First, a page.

As citizens, passengers also have a role to play in ensuring road safety. While travelling by public-private transports, passengers should protest and stop speeding and reckless driving of vehicles. Owners of motor vehicles should ensure that the drivers employed by them have genuine licences, are  properly trained and drive responsibly. Road safety education to pedestrians, especially children, involving community leaders is also a good way to advance the cause.

Road accidents in Bangladesh are, indeed, on the rise in recent years and are presumed to aggravate further unless urgent action is taken. Motorised traffic is growing very rapidly in the country, with 400 new automobiles coming on to roads every day. Over the decade, the number of vehicles may double.

Although road traffic fatalities do raise commotion, they hardly lead to any comprehensive or sustained actions by the authorities. It is most likely that the tragedies that occurred very recently on the highways will be forgotten soon, without prompting any effective actions from the authorities.

A close look will certainly reveal a clear lack of accountability everywhere. The drivers seem to believe they can get away with road traffic fatalities. On the other hand, the law enforcers do not always show the desired urgency to enforce the rules and regulations to penalise the violators.

In order to ensure safety on the roads, an effective and comprehensive system of accountability should be put in place. That will make it possible not only to force the reckless drivers to face the music for their actions but also to bring the law enforcers to book for their inactions.         

In the wake of the widespread agitation for safe roads, some efforts have been made to correct the ills in the otherwise disorderly public transport system though the situation remains mostly as usual in the capital.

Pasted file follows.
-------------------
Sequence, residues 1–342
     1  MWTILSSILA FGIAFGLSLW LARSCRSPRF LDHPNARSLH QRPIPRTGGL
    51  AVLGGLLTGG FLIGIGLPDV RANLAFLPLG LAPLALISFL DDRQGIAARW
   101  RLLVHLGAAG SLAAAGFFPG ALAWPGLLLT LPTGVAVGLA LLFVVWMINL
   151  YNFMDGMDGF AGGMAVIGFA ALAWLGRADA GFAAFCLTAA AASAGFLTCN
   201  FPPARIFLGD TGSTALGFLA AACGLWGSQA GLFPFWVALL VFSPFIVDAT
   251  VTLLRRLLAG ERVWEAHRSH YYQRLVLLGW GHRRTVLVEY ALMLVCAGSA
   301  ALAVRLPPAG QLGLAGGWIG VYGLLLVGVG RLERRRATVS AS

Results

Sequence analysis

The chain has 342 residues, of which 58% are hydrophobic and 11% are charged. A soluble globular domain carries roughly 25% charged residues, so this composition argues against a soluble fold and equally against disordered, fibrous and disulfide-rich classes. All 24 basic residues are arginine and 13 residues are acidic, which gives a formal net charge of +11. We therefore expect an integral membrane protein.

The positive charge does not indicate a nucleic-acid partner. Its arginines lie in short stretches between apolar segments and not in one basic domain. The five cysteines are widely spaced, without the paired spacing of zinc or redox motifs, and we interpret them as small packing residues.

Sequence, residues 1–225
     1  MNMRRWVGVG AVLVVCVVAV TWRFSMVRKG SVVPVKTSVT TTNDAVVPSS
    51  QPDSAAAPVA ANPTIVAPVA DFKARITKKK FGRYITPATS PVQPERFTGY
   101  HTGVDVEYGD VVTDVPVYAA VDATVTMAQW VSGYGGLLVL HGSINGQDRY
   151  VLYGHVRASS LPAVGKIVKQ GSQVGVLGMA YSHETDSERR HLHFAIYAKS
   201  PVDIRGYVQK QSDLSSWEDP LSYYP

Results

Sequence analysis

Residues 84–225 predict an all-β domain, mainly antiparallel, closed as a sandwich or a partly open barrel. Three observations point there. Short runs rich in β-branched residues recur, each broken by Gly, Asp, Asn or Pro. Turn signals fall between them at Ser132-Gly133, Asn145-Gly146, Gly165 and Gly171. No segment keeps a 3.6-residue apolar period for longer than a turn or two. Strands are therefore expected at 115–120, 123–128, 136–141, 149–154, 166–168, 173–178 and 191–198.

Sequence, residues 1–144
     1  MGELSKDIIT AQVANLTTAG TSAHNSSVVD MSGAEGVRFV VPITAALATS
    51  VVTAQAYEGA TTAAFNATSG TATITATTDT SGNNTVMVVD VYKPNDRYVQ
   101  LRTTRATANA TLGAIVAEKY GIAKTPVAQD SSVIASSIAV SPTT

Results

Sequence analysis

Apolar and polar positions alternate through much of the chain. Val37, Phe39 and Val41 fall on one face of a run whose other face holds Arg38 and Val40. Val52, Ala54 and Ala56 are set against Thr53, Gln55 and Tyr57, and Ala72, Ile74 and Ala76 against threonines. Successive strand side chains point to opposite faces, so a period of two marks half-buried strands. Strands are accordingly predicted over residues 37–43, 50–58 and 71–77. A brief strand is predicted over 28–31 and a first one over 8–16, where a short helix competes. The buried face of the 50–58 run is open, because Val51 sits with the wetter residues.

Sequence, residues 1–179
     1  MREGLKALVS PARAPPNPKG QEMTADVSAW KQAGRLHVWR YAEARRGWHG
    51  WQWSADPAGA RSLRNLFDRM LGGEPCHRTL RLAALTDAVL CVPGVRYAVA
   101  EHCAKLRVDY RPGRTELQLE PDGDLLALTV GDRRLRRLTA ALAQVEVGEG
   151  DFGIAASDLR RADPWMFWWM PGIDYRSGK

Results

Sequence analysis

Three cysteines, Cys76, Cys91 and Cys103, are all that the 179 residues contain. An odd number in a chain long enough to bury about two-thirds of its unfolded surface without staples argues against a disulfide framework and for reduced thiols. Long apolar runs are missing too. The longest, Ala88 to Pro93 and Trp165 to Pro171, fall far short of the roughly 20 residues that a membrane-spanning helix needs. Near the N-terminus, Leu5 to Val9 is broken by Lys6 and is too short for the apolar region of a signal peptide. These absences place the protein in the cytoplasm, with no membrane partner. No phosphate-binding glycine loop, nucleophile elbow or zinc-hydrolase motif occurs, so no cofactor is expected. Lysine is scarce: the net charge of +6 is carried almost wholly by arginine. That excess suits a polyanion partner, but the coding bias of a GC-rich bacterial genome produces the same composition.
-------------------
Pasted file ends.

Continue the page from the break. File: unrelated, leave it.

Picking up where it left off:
Quite a number of public buses continue to ply the city streets without legal documents, and pick and drop passengers on roads randomly. People were still risking their lives while crossing busy thoroughfares. Bikers drivetheir motorbikes on footpaths to avoid traffic jam -- a common sight on the city streets.

    However, in many parts of the city, police were seen strictly enforcing the traffic rules as they have been conducting a special drive against errant driver.

The associations of transport owners and workers were seen checking the licences of drivers and pressing the members to obtain legal documents for their vehicles.

But still things have not changed that much with the authorities pointing out that the problems and mismanagement that continued for years cannot be removed overnight.

In fact, none should hold a government responsible for road accidents. But when such accidents occur at regular intervals, and when nothing is done to improve road safety, ensure road worthiness of vehicles, and punish drivers who recklessly kill people, then certainly the role of the government comes to the fore.

Bangladesh has the highest per capita road accidents in the world, with the highest number of deaths per motorised vehicle on the road. This is an undeniable fact. There is no way sidetracking the grave issue. Dilapidated road conditions and rash driving of commercial vehicles are two foremost reasons for fatal accidents.

The present state of roads is a consequence of long neglect, and the authorities just cannot get away by blaming fund shortage.

The National Road Safety Council and Accident Prevention Cell of the communications ministry remains dysfunctional for a long time. Some years ago, the government took a comprehensive strategy to build awareness among bus and train drivers and enforce laws strictly to reduce road accidents.

But the road safety initiative could not move forward for unknown reasons. Creating public awareness about road accidents is impossible unless the government takes the lead.